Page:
Meanwhile Airbnb say they are concocting their own check system for properties – a plan that some industry experts say would be impossible to implement and is merely a PR exercise, ahead of their proposed stock market float next year.
As reported earlier, despite a multi-million-dollar advertising campaign against regulations, 265,000 residents of New Jersey, just outside of Airbnb hotspot New York, recently voted in support of the city laws intended to curb out-of-control short term holiday lets in residential homes.
Among them are a compulsory register and a 60 nights a year limit on unhosted whole-home rentals.
“The whole debacle in New Jersey was brought on because Airbnb was opposing the registration system,” says Owners Corporation Network vice-chair Jane Hearn. “As for their proposed self-regulation proposal, Airbnb admits that they cannot physically inspect all properties – something that in NSW our local councils would do if the proposed reforms ensured that un-hosted STHL required consent.
“Registration of premises is the most innocuous of the possible options on the table but still they oppose it,” she says. “The ‘industry led’ proposal is not an option. There is nowhere in the world where the registration system run by the industry.”
Ms Hearn says submissions to the government from knowledgeable experts including planners, housing specialists and organisations like OCN are “full of a wealth of information and advice on how to create a better system. Do they ever read them?”
“I am reliably informed that Portugal, which is favoured by some industry insiders, is moving to a permit system,” she says. “It is vital that NSW requires Hosts (owner and tenants) to register the premises; and that platforms and agents should not be permitted to list or advertise an unregistered premises.”
You can understand why short-term holiday letting companies object to a registration process and, at the very least, want to be able to run it themselves. Last year when Japan introduced a compulsory holiday letting register, listings dropped by 80 per cent.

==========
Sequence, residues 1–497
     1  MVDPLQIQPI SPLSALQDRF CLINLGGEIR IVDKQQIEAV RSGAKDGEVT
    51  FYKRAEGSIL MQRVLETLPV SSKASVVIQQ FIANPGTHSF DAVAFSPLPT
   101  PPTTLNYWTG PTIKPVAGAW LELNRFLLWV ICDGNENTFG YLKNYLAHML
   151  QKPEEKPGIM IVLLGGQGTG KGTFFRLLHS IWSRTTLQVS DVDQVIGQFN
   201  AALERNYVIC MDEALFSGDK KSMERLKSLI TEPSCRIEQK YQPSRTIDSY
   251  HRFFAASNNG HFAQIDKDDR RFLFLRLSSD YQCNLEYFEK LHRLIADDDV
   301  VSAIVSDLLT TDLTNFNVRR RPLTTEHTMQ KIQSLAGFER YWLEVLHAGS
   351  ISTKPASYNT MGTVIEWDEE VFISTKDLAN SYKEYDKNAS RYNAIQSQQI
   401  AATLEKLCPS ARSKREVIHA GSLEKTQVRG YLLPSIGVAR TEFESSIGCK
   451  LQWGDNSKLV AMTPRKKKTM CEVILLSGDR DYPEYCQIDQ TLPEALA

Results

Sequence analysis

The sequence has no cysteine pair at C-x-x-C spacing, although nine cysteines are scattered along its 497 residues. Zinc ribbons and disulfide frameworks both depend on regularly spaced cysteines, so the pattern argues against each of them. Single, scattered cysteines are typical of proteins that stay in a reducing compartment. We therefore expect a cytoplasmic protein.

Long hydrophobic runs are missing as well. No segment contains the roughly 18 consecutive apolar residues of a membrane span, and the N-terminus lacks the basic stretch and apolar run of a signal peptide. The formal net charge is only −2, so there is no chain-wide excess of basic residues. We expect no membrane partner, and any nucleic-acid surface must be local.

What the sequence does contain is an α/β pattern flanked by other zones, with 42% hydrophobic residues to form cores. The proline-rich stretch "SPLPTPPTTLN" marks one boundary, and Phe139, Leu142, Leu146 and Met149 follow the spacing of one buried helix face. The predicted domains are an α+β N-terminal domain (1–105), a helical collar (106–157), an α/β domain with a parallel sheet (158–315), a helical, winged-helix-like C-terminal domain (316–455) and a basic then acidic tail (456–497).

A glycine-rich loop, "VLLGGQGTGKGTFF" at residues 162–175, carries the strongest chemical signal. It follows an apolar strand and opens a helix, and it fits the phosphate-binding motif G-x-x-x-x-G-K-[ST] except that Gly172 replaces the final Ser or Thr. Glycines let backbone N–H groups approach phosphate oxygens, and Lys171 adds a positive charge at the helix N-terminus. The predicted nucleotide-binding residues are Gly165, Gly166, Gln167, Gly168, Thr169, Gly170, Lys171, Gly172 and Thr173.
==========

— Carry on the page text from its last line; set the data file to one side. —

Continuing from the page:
There, hosts have to register their properties with their local council and are given a registration number. Holiday letting websites are then forbidden from listing properties that don’t have a valid number.
“The registration of premises is a standard tool for controlling the use of private residential housing for tourist purposes,” says Jane Hearn.
“It is an essential and cost-effective enforcement and compliance tool, and it has the benefit of providing planners and local council with data. It will help to ensure that no premises are registered and listed that violate strata by-laws.”
Meanwhile the holiday letting agencies have had a win of sorts in Queensland where a previous magistrate’s court ruling that Fairway Island gated residential community on the Gold Coast could ban short-term lets has been overturned by a Referee from the Office of the Commissioner for Body Corporate and Community Management (BCCM).
The original ruling was always considered of limited value as a precedent for other holiday letting challenges as the properties concerned came under a very specific type of community title.
In any case, Referee Stone from the BCCM has overturned the ruling and strata tragics can read his reasoning right here.
One interesting aspect is the precedents he chose to accept and those he preferred to ignore. A High Court ruling from WA was ignored because it was a different sort of matter. The decision of seven Law Lords of the Privy Council in London, he felt was directly relevant but disagreed with their findings.
Instead he went with a minor NCAT decision about a by-law in a Sydney suburb which wasn’t even defended by the owners corporation. Least said about all that, probably the better.
And another thing …
The SMH story is worth a read if only for the complaint from an Airbnb spin doctor that the government can’t just change the rules on people like this. You mean, like when people bought and rented residential properties where the DA specifically prevented holiday letting, only to have it usurped by a megabucks American company determined to make a profit regardless of the social cost?